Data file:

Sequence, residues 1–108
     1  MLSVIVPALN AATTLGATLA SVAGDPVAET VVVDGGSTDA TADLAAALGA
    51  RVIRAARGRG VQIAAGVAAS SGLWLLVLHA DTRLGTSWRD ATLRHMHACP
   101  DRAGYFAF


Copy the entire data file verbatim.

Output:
Sequence, residues 1–108
     1  MLSVIVPALN AATTLGATLA SVAGDPVAET VVVDGGSTDA TADLAAALGA
    51  RVIRAARGRG VQIAAGVAAS SGLWLLVLHA DTRLGTSWRD ATLRHMHACP
   101  DRAGYFAF